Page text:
New Jersey officials are optimistic the Gateway Program is back on track after President Joe Biden included money for the long-delayed rail project underneath the Hudson River in his $2.7 trillion infrastructure plan.
Unveiled in late March, the eight-year American Jobs Plan includes $621 billion earmarked for transportation projects nationwide, such as repairs to bridges and highways, improving road safety and modernizing public transportation systems.
U.S. Rep. Donald M. Payne, Jr. (NJ-10) said he was encouraged by an April 12 meeting with President Biden in the Oval Office, whom he described as “a strong supporter of the Gateway Program” and that the administration has brought the project “one step closer to construction.” The environmental impact statement necessary to move the project along should be completed by June this year.
Payne: ‘One Step Closer’
Advancing the projects, Payne said, “is great news for the residents of northern New Jersey and all travelers in the Northeast Corridor.”
Payne added: “The Gateway Program must be the top priority of any infrastructure plan and I’m glad to see the Biden administration understands the importance of this program to our nation’s infrastructure.”
Originally proposed a decade ago, the Gateway Program seeks to improve service along one of the most heavily used passenger rail lines in the country. The plan calls for the replacement of the frequently bottlenecked Portal North Bridge over the Hackensack River, construction of a new, two-track Hudson River rail tunnel and rebuilding the existing century-old tube damaged by Superstorm Sandy.
The Obama administration had pledged support for the project, but former President Donald Trump refused to honor the deal reached between the Department of Transportation and the governors of New Jersey and New York, which was to pay for half. The Trump administration claimed the project did not qualify for federal funding and advocated for repairs only to the existing tube.
Department of Transportation Secretary Pete Buttigieg told the House Transportation and Infrastructure Committee on March 25 that the $13 billion Hudson River Tunnel replacement and repair project between New Jersey and New York will be a priority.
“I share your sense of urgency with Gateway and related projects,” Buttigieg said. “This is a regional issue but one of national significance because if there was a failure in one of those tunnels, the entire U.S. economy would feel it.”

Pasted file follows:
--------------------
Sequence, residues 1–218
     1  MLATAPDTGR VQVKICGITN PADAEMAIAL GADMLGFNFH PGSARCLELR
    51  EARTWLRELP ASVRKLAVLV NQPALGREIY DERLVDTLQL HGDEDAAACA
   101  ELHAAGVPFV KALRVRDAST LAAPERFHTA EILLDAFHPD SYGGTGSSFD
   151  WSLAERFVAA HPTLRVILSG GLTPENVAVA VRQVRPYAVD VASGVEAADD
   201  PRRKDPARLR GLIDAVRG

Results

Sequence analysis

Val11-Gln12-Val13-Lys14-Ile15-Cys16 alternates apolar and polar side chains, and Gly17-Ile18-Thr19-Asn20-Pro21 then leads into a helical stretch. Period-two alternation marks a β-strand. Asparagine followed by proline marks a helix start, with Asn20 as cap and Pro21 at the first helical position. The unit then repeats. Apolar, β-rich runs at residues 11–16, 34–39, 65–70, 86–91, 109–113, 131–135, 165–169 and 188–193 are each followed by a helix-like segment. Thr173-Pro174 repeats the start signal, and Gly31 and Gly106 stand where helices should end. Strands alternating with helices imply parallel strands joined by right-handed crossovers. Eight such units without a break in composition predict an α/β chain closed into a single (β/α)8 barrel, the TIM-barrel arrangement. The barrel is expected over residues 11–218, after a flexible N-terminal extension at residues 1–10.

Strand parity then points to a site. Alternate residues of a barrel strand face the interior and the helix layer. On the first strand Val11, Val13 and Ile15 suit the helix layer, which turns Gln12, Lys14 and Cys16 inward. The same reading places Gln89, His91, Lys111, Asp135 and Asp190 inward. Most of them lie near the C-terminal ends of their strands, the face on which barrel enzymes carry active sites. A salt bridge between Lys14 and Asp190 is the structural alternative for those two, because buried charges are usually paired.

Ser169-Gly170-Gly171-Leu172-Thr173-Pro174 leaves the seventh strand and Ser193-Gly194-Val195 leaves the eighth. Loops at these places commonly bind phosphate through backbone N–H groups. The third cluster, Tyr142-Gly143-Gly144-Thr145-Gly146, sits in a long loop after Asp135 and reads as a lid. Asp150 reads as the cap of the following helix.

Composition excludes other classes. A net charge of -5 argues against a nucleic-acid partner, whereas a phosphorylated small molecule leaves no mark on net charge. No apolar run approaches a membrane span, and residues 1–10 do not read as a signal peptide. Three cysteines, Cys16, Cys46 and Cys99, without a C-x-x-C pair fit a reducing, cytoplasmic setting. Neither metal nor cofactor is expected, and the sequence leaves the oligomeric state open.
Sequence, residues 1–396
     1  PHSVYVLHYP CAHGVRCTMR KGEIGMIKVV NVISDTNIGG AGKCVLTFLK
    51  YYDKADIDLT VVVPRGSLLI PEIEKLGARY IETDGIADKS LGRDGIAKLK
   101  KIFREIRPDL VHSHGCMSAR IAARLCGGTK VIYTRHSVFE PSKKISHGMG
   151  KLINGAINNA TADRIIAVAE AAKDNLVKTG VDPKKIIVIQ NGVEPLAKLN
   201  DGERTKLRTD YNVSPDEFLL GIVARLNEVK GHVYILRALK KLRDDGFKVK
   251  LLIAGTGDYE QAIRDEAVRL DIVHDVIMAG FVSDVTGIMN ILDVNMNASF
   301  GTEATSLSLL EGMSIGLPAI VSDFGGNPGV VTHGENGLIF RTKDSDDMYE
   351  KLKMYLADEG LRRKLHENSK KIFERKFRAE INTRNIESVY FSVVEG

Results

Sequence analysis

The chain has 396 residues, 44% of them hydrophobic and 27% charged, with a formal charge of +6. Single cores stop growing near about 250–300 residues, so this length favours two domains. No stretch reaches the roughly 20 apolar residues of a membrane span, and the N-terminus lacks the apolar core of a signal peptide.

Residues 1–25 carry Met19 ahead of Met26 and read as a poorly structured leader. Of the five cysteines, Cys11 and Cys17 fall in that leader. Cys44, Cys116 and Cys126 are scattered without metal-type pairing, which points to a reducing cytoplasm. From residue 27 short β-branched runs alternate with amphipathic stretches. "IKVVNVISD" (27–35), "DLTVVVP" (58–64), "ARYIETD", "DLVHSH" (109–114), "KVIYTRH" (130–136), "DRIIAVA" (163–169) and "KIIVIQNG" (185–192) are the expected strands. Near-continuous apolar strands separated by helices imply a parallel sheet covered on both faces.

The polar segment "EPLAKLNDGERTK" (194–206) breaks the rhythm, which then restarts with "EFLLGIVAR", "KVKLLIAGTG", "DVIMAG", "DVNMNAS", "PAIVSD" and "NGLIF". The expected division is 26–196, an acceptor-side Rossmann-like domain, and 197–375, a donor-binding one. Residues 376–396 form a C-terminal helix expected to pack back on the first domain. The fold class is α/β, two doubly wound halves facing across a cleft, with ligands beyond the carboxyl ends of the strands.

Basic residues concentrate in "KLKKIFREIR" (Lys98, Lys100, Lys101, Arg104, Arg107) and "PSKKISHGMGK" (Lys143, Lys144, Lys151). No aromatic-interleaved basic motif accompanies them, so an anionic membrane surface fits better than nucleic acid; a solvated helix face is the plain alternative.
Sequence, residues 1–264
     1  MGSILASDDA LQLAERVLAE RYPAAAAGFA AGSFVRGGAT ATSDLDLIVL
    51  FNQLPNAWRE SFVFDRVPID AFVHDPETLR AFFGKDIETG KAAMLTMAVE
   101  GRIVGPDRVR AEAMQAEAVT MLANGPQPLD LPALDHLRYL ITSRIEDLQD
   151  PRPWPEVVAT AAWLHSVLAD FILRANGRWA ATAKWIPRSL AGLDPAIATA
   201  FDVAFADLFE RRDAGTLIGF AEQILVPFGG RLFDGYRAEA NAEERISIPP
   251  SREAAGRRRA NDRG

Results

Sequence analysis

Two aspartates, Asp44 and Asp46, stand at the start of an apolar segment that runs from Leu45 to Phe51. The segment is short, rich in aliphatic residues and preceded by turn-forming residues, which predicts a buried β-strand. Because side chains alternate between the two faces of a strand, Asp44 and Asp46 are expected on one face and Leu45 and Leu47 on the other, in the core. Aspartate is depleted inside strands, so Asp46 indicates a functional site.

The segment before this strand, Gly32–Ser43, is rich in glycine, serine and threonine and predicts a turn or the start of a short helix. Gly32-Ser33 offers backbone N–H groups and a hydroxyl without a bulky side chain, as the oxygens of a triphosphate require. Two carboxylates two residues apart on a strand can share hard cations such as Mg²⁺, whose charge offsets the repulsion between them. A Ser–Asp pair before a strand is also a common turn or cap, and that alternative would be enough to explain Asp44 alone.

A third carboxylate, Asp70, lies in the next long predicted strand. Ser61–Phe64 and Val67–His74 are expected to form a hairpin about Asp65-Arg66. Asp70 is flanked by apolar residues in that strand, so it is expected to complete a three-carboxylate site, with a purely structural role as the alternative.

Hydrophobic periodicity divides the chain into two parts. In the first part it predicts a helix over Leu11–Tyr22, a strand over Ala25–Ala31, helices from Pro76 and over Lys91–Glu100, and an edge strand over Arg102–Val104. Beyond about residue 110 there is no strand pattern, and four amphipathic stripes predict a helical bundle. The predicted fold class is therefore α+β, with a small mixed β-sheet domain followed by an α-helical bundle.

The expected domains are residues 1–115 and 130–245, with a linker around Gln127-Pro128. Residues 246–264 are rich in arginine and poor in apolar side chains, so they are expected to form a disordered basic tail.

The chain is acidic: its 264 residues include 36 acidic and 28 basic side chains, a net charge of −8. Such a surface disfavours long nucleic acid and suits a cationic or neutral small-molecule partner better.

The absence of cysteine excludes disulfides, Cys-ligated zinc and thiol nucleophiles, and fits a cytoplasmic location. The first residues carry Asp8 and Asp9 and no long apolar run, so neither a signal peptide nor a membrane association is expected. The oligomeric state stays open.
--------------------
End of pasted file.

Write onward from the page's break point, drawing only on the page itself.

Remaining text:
Sherrill: A Regional Issue
North Jersey lawmakers have put on a full court press to get full funding for the project.
U.S. Rep. Mikie Sherrill (NJ-11) urged the House Committee on Transportation and Infrastructure to include Gateway in the upcoming infrastructure bill, saying, “It is my hope that this new funding from Congress, alongside the administration’s strong willingness to take Gateway to the finish line on the regulatory side, will enable us to finish this long overdue and desperately needed project.”
During an April 15 appearance before the committee, Sherrill, who has pushed for the project since being elected in 2018, said, “Gateway is not just a local or regional issue, it is critically important to the entire nation’s transportation network and economic health. The Gateway Tunnel project would modernize and improve the Northeast Corridor system and minimize the risk of potentially catastrophic failure. It would be a transformative infrastructure improvement for the nation’s busiest rail corridor.”
Gottheimer: Gateway ‘Desperately’ Needed
U.S. Rep. Josh Gottheimer (NJ-5) testified as well before the House Committee to push for funding for key infrastructure priorities for New Jersey, including the Gateway Program.
“We desperately need the Gateway Project to move forward, because it is critical to replace the tunnels underneath the Hudson River that connect Jersey with New York City, and because the regional economy depends on these tunnels daily,” Gottheimer stated. “These 110-year old tunnels are literally crumbling. Amtrak has said that one of the tunnels would likely have to be shut down within five years.”
Gov. Phil Murphy praised the Biden administration for taking a renewed interest in the massive infrastructure project.
“The Biden Administration’s announcement of the impending May completion date for the Hudson Tunnel project’s final environmental impact statement and record of decision is a major step towards relief for New Jersey commuters,” Murphy said.
“Our administration has fought for new and safe tunnels since 2018 and we look forward to working with our regional and federal partners to build commuting and rail infrastructure that our commuters can depend on.”
Transit Officials Weigh In
The current tunnel, which is used by Amtrak and NJ Transit, serves 200,0000 commuters daily and is a chokepoint for trains in and out of New York City’s Penn Station.
NJ Transit Chief Executive Officer Kevin Corbett called the project “critical” and said it “will directly benefit our customers with more reliable and resilient rail service in one of most congested areas of the nation.”
“The NEC’s many major tunnels and bridges—most of which are over a century old—must be replaced and upgraded to avoid devastating consequences for our transportation network and the country,” Amtrak Chief Executive Officer Bill Flynn said.